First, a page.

encompasses all seal strandings from Maine to Virginia. Lastly, while 
take is not proposed for these species in this proposed IHA, ice seals 
(harp and hooded seals) have also started stranding with clinical 
signs, again not in elevated numbers, and those two seal species have 
also been added to the UME investigation. Additional information is 
available at https://www.fisheries.noaa.gov/new-england-mid-atlantic/marine-life-distress/2018-2020-pinniped-unusual-mortality-event-along.
Atlantic Humpback Whale UME
    Since January 2016, elevated humpback whale mortalities have 
occurred along the Atlantic coast from Maine through Florida. This 
event has been declared an UME since 2017. A portion of the whales have 
shown evidence of pre-mortem vessel strike; however, this finding is 
not consistent across all whales examined, and additional research is 
needed. Additional information is available at https://www.fisheries.noaa.gov/national/marine-life-distress/2016-2021-humpback-whale-unusual-mortality-event-along-atlantic-coast.

Marine Mammal Hearing

    Hearing is the most important sensory modality for marine mammals 
underwater, and exposure to anthropogenic sound can have deleterious 
effects. To appropriately assess the potential effects of exposure to 
sound, it is necessary to understand the frequency ranges marine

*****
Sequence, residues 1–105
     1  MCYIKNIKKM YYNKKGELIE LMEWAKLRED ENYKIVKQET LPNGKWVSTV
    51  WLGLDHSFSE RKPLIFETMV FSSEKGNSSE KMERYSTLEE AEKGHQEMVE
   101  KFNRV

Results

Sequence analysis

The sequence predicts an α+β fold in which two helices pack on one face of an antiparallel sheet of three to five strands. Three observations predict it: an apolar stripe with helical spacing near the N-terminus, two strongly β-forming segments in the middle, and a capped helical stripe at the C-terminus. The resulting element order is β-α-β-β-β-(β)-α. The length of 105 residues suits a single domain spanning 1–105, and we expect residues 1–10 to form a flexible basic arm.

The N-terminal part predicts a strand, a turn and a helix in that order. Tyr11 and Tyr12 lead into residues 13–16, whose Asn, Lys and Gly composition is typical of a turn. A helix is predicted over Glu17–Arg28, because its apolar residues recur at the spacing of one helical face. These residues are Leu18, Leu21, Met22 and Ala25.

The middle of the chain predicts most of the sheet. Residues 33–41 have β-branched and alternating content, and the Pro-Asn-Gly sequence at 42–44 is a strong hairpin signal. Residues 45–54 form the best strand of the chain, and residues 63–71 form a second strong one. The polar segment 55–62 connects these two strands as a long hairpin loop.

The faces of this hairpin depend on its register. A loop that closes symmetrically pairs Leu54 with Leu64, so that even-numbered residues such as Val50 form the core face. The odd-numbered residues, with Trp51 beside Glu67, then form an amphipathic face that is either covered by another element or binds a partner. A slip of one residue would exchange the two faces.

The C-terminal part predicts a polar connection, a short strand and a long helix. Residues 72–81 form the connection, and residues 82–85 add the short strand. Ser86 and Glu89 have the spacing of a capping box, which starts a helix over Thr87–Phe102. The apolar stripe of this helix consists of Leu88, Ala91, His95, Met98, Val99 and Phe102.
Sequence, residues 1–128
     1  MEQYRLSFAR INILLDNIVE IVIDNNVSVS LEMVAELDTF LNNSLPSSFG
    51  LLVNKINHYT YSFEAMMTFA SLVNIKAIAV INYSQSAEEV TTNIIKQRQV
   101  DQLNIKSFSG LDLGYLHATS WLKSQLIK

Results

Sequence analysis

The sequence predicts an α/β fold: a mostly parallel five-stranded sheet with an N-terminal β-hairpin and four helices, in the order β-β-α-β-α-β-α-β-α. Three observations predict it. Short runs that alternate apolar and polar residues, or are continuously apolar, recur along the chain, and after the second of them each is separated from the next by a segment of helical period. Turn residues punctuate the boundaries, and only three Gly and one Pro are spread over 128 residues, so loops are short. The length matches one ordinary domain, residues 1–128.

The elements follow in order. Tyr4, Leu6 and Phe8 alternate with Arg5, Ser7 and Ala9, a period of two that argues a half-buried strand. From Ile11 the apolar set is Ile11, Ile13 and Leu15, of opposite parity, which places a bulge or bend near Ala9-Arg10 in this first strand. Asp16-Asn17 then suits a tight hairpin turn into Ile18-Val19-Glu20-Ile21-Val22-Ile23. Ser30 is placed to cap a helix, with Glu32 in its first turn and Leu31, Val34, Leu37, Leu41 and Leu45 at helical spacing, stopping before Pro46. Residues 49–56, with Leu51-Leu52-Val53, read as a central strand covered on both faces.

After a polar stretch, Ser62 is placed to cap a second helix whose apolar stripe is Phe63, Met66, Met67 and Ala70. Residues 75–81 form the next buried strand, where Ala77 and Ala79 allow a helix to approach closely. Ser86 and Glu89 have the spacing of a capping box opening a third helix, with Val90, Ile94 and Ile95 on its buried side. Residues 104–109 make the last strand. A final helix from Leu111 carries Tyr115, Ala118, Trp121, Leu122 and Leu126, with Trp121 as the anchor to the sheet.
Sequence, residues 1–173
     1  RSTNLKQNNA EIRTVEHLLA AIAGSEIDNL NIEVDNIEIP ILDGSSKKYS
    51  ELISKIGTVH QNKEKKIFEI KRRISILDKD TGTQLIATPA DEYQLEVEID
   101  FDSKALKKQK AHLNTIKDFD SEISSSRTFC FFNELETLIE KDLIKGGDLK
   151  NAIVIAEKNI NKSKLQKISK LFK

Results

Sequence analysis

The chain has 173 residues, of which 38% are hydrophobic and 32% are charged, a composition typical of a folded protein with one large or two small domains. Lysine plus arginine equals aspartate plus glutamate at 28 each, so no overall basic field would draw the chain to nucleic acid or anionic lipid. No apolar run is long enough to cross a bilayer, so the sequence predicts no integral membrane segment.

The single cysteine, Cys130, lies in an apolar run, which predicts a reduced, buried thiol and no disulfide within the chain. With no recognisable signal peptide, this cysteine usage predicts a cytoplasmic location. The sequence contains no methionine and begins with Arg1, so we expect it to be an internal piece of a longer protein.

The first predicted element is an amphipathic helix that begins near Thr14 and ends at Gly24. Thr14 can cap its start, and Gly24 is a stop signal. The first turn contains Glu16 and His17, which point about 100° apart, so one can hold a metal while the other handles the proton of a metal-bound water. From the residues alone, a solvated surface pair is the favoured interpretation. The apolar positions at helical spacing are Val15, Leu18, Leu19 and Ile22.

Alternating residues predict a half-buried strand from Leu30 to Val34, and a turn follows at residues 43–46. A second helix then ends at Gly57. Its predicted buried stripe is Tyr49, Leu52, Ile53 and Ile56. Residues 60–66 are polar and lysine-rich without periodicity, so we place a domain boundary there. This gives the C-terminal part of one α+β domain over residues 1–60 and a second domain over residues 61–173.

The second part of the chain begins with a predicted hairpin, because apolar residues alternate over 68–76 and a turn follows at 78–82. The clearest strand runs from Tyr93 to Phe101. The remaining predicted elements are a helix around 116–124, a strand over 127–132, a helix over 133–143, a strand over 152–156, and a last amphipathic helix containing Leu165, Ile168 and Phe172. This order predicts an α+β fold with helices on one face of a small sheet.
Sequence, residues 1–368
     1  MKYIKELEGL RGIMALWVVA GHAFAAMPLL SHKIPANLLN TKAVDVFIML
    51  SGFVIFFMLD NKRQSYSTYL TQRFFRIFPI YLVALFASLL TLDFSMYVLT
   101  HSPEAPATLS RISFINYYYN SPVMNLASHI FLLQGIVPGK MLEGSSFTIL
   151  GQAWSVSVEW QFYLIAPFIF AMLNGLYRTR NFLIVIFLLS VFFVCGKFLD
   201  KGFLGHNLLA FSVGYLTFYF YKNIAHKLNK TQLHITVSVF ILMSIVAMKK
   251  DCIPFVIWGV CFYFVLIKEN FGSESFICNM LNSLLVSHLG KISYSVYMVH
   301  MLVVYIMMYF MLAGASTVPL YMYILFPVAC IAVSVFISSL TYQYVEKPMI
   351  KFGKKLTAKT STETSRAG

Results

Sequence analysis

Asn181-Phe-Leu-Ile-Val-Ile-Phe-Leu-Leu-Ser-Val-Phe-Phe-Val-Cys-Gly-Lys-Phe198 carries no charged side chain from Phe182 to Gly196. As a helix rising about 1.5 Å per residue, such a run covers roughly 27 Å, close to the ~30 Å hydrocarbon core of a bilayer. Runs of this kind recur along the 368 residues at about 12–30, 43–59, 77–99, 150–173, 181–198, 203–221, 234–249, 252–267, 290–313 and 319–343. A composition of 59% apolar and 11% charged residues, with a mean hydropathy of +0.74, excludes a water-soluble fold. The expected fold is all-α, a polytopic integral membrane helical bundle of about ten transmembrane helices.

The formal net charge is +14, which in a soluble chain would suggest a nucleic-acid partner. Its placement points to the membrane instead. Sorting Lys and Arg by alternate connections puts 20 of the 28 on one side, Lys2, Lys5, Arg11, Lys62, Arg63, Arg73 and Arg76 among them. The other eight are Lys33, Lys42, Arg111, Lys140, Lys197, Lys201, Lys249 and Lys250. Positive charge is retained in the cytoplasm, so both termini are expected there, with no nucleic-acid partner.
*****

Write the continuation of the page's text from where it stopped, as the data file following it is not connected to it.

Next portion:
mammals are able to hear. Current data indicate that not all marine 
mammal species have equal hearing capabilities (e.g., Richardson et 
al., 1995; Wartzok and Ketten, 1999; Au and Hastings, 2008). To reflect 
this, Southall et al., (2007) recommended that marine mammals be 
divided into functional hearing groups based on directly measured or 
estimated hearing ranges on the basis of available behavioral response 
data, audiograms derived using auditory evoked potential techniques, 
anatomical modeling, and other data. Note that no direct measurements 
of hearing ability have been successfully completed for mysticetes 
(i.e., low-frequency cetaceans). Subsequently, NMFS (2018) described 
generalized hearing ranges for these marine mammal hearing groups. 
Generalized hearing ranges were chosen based on the approximately 65